One of York’s most popular entertainment innovations of recent years, the Great Yorkshire Fringe, is not returning.
The ten-day summer festival of comedy, music and family fun has transformed Parliament Street and brought some of the biggest names in stand-up to the city since launching in 2015.
But it has been shelved after the founder became exasperated with the management of York city centre.
Organisers thanked the performers and above all the people of York for their support.
Meanwhile city leaders expressed their dismay at the decision and said they would welcome the chance to meet with the Fringe team to see if it could be resurrected in future years.
The Great Yorkshire Fringe was the brainchild of Martin Witts, a former York St John University drama student who went on to run the Leicester Square Theatre and the Museum Of Comedy in London.
He turned the city centre into an entertainment experience, complete with The White Rose Rotunda – a 1920s Spiegeltent – and The Teapot, a pop-up space holding 150 people.
Big names including Paul Merton, Paul Sinha, Michael Palin and Henning Wehn were brought to the city for the festival.
Over the last five years the Great Yorkshire Fringe has staged 1,200 shows, hosted 9,000 performers and welcomed 110,000 audience members.
Thank you to all that have been involved in the Fringe over the last five years – it has been a privilege to work with you.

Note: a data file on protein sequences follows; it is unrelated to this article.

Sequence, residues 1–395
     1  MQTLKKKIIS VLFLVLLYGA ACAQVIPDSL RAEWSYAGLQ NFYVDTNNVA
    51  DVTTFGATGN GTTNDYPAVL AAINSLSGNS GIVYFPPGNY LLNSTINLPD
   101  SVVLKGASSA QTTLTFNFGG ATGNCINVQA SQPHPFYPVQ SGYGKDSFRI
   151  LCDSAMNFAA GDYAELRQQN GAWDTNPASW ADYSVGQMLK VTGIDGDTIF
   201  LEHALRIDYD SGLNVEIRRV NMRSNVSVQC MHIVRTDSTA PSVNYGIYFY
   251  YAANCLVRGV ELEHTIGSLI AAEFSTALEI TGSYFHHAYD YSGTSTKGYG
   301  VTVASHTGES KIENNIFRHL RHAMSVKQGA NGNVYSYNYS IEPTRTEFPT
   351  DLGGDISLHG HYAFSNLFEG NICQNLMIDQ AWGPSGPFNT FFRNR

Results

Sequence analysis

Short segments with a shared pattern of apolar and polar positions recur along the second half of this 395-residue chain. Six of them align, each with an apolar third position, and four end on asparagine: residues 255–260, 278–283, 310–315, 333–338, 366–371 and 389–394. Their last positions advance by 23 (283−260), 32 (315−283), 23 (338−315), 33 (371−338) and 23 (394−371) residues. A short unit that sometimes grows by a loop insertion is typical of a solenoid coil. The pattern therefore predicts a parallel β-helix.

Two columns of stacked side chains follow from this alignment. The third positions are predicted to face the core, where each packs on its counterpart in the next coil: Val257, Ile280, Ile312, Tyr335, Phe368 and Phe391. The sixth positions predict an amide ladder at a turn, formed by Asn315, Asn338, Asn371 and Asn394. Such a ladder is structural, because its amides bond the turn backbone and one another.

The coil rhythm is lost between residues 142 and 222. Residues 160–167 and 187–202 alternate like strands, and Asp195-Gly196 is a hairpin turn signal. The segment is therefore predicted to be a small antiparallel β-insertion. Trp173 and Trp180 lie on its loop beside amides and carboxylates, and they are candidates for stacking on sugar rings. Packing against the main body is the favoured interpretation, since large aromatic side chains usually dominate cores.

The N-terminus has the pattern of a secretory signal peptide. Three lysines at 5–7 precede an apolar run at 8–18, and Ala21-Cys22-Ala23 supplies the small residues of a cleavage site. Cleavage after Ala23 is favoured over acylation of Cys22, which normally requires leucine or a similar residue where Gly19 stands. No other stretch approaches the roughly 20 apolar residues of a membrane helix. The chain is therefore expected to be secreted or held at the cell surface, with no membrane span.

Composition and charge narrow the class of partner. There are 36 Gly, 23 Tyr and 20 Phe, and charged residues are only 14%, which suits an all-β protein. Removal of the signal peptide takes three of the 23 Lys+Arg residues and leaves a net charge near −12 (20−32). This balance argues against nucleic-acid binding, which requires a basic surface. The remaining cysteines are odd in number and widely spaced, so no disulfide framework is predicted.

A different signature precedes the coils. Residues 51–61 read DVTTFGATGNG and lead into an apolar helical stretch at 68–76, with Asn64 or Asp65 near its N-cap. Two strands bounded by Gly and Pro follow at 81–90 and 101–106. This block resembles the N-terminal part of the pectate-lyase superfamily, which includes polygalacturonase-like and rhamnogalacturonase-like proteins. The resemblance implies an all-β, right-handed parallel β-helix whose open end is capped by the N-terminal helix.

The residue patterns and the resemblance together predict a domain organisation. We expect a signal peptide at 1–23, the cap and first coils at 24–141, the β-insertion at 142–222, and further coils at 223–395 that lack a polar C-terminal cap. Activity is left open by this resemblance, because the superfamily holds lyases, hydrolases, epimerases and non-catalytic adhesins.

We will continue to invest in the local cultural scene of York.
Our experience of sponsoring, curating and managing an event in this small city of ours has led us to the conclusion that until a well managed and efficient city centre management is implemented, that a festival of our size cannot thrive and does not have a place in York.
City leaders were disappointed to hear that the Fringe wasn’t coming back, and insisted they had fully backed the event.
For City of York Council, assistant director for communities and culture Charlie Croft said:
We are sorry to hear that the Yorkshire Fringe won’t be returning in 2020.
Since the organisers first approached us we have been incredibly supportive of the festival, doing everything we can to try and ensure a smooth running of the festival in one of York’s busiest streets and to help make it a commercial success.
They have been a valuable addition to York’s cultural scene and whilst we are sad they won’t be returning we will continue to work with innovative organisations looking to put on cultural events in our city.
Make It York is in charge of both city centre management and tourist body Visit York. MD Sean Bullick held open the door to the Fringe returning in future.
“The Great Yorkshire Fringe was a valued addition to the city’s diverse events calendar and we are sorry to hear it will not be returning next year,” Sean said, adding:
It is disappointing that the organisers feel this way as over the last five years Make it York have offered significant marketing and operational support for this festival.
However we understand there have been some infrastructure challenges connected to putting on an event of this scale in a city centre space.
‘Five fabulous years’
In a statement the Great Yorkshire Fringe team said they had enjoyed “five fabulous years” in York, praising “a fantastic array of volunteers, festival crew and local venue staff”.
We would like to thank all of the amazing acts who have performed, our food and beverage providers, the staff both from York and London and our loyal team of volunteer staff.
The biggest thank you of all to our wonderful patrons, York residents and visitors alike who have visited us and the city of York for the last five years, we hope that we have given you some amazing memories.